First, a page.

Pakistani politicians and analysts of all stripes decried what they perceived as an effort to scapegoat their country for US policy failures in Afghanistan.

The administration’s 2020 budget request for assistance to Pakistan totals about USD 70 million, including USD 48 million for economic and development aid.

Noting that numerous indigenous terrorist groups operate on or from Pakistani territoryor areas under its occupation, many designated as ‘Foreign Terrorist Organisations’ under the US law, the CRS said incidents of domestic terrorism decreased since the Pakistan Army launched major operations in 2014.

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Trump says US Navy ‘destroyed’ Iranian drone

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WASHINGTON: The United States said that a US Navy ship had “destroyed” an Iranian drone in the Strait of Hormuz after the aircraft threatened the vessel, but Iran said it had no information about losing a drone.

In the latest episode to stir tensions in the Gulf, US President Donald Trump told an event at the White House that the drone had flown to within 1,000 yards (metres) of the USS Boxer and had ignored “multiple calls to stand down.”

“This is the latest of many provocative and hostile actions by Iran against vessels operating in international waters. The United States reserves the right to defend our personnel, facilities and interests,” Trump said. “The drone was immediately destroyed,” he added.

 

Iranian Foreign Minister Mohammad Javad Zarif told reporters at the United Nations: “We have no information about losing a drone today.”

The Pentagon said in a statement that the USS Boxer, an amphibious assault ship, had taken “defensive action” against a drone on Thursday morning as the Boxer was moving into the Strait of Hormuz.

“We do assess it was an Iranian drone,” said Commander Rebecca Rebarich, a Pentagon spokeswoman.

Tensions in the Gulf region are high, with fears that the United States and Iran could stumble into war.

The United States has blamed Iran for a series of attacks since mid-May on shipping around the Strait of Hormuz, the world`s most important oil artery. Tehran rejects the allegations.

Iran in June shot down a US military surveillance drone in the Gulf with a surface-to-air missile. Iran says the drone was in its airspace, but Washington says it was in international skies.

Trump said at the time the United States had come close to launching a military strike on Iran in retaliation for the downing of the US drone.

The increased use of drones by Iran and its allies for surveillance and attacks across the Middle East is raising alarms in Washington.

The United States believes that Iran-linked militia in Iraq have recently increased their surveillance of American troops and bases in the country by using off-the-shelf, commercially available drones, U.S. officials say.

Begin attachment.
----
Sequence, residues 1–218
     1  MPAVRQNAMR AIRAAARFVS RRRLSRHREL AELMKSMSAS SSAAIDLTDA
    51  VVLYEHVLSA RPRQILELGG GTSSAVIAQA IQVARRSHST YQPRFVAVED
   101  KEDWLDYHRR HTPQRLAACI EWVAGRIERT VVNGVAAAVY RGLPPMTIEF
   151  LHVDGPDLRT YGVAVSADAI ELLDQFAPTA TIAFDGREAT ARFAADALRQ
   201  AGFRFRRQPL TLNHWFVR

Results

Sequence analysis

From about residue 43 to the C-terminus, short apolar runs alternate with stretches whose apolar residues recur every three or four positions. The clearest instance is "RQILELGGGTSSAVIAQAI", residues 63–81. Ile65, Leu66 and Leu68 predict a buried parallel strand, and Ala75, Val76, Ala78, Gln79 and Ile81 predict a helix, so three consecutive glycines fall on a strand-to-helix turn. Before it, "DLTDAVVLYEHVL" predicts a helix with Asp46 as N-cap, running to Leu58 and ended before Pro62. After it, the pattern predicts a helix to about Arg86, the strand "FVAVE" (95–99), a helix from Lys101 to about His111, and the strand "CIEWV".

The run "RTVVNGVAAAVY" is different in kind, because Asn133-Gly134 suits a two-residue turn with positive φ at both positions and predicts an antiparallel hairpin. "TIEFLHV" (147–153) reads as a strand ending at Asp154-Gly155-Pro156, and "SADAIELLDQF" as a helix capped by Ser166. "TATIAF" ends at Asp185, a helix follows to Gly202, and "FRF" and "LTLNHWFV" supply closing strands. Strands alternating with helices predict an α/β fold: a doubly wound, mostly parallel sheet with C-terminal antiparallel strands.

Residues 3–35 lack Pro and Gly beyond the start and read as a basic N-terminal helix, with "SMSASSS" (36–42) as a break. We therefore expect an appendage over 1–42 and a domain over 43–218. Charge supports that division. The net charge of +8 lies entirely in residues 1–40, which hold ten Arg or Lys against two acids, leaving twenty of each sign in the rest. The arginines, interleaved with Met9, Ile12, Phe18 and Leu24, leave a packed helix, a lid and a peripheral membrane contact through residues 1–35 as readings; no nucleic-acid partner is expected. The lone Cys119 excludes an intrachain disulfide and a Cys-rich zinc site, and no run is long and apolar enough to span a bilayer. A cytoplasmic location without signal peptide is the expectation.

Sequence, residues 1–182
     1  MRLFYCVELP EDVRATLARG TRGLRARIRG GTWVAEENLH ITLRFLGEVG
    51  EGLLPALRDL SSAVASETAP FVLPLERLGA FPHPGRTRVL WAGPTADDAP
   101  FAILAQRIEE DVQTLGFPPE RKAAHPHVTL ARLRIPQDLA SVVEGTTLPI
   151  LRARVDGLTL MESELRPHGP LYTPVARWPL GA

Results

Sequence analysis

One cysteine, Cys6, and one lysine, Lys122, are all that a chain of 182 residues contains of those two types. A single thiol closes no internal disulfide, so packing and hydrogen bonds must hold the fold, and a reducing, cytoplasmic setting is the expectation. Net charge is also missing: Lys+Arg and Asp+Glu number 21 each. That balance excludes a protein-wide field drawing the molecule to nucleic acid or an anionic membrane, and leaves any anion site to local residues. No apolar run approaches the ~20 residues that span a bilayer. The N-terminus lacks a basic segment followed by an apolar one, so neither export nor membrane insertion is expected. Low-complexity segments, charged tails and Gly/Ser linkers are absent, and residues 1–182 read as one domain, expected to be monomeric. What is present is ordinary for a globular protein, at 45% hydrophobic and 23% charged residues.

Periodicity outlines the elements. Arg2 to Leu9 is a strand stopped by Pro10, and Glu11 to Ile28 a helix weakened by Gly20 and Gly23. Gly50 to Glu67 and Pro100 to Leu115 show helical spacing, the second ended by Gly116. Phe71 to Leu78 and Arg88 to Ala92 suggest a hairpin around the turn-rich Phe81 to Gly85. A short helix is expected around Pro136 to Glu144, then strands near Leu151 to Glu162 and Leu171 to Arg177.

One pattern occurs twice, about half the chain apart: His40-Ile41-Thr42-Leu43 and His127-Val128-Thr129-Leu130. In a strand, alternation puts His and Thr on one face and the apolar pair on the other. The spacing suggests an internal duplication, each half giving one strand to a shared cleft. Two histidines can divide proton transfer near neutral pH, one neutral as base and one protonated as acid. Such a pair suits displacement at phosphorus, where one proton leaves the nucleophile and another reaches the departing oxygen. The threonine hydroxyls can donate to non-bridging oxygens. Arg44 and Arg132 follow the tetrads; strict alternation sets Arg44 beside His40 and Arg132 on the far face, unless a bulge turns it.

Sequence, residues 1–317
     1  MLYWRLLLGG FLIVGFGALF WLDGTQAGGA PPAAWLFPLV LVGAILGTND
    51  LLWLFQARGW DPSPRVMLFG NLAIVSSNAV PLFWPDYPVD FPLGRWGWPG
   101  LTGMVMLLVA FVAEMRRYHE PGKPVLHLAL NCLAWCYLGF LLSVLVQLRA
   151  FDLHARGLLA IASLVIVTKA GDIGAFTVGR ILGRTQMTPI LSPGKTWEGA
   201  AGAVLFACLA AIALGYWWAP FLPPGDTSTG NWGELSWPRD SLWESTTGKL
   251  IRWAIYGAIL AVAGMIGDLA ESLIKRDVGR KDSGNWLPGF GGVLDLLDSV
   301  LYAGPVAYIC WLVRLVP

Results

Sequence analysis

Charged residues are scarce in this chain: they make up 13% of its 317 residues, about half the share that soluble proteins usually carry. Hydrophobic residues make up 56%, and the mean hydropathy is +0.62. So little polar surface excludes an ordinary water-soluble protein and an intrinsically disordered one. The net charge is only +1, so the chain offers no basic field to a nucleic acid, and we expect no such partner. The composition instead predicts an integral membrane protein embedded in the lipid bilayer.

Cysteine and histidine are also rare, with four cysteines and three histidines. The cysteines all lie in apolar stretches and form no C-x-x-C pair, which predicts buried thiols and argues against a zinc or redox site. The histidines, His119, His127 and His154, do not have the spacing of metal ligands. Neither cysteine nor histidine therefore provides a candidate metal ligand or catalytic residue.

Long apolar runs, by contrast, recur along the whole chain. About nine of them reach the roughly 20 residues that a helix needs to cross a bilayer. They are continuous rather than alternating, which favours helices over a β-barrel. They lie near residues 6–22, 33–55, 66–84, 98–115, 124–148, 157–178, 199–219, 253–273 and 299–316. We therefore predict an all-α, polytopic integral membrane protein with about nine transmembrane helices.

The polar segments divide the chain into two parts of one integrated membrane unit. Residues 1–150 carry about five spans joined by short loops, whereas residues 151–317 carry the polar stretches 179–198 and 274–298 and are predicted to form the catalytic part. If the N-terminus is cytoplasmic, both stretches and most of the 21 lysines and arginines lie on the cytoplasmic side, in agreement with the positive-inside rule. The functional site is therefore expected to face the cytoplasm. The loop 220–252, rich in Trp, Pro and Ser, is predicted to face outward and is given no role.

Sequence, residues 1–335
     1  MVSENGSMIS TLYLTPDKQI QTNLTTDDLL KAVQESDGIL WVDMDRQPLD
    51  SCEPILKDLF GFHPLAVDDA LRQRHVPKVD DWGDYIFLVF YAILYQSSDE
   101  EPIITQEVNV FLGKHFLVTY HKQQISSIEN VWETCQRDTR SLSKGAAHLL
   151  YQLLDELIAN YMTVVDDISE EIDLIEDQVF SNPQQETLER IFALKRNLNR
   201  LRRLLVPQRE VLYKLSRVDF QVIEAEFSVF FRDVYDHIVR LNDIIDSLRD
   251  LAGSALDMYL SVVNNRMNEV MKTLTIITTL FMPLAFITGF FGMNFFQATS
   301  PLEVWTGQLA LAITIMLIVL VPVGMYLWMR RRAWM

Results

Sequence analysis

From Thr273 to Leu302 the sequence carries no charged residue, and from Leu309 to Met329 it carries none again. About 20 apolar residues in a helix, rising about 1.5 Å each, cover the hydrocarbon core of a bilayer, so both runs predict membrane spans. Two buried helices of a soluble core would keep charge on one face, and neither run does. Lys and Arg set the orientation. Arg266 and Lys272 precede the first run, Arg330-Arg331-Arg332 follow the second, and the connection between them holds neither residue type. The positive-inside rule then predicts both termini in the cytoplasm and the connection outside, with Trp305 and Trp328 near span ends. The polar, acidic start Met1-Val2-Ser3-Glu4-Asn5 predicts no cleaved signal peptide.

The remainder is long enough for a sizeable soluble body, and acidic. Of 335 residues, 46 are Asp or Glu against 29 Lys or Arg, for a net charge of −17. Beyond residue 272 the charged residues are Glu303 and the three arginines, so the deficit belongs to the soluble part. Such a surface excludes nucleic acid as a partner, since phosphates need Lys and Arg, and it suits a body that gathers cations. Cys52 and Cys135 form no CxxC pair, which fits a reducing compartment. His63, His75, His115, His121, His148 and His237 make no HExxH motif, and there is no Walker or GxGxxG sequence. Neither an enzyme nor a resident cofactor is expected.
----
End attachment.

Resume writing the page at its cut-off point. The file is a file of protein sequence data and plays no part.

A US official, speaking on condition of anonymity, said the drone on Thursday was brought down through electronic jamming.

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‘More for more,’ says Iran Foreign Minister; makes nuclear offer to US

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Washington: Iran signalled a willingness to engage in diplomacy to defuse tensions with the United States with a modest offer on its nuclear programme that met immediate scepticism in Washington.

Iran’s Foreign Minister told reporters in New York that Iran could immediately ratify a document prescribing more intrusive inspections of its nuclear programme if the United States abandoned its economic sanctions, media organisations reported.

The document, known as the Additional Protocol, gives UN inspectors from the International Atomic Energy Agency (IAEA) more tools to verify that a nuclear programme is peaceful.

 

While US officials suggested they viewed the idea as a non-starter, analysts said it could provide an opening for US President Donald Trump’s administration to pursue diplomacy.

The Iran nuclear agreement. Iranian Foreign Minister Mohammad Javad Zarif said Monday that Iran has exceeded a limit on its enriched uranium reserves set by a 2015 nuclear deal, semi-official news agency ISNA reported.

“If Trump wants more for more, we can ratify the Additional Protocol and he can lift the sanctions he set,” the Guardian newspaper quoted Iranian Foreign Minister Mohammad Javad Zarif as telling reporters.

However, since Iran is already implementing the protocol and has often offered in the past to ratify it, it was not clear that Zarif’s proposal constituted much of a concession.

Under the 2015 nuclear deal agreed to by Tehran, Iran must seek ratification of the protocol eight years after the deal was adopted. That would be the same time that the United States must seek permanent termination of many of its sanctions on Iran.

US officials responded sceptically, suggesting it was a disingenuous effort to get sanctions relief.

“Their whole game is to try to get any sanctions relief they can while maintaining the ability to get a nuclear weapon in the future,” said an official on condition of anonymity, saying Iran was “trying to spin a small action into” something bigger.

The official noted that under the offer, Iran would keep enriching uranium, a process that can produce fissile material for nuclear weapons, and would do nothing to rein in its support for regional proxies in Yemen, Iraq, Syria and Lebanon.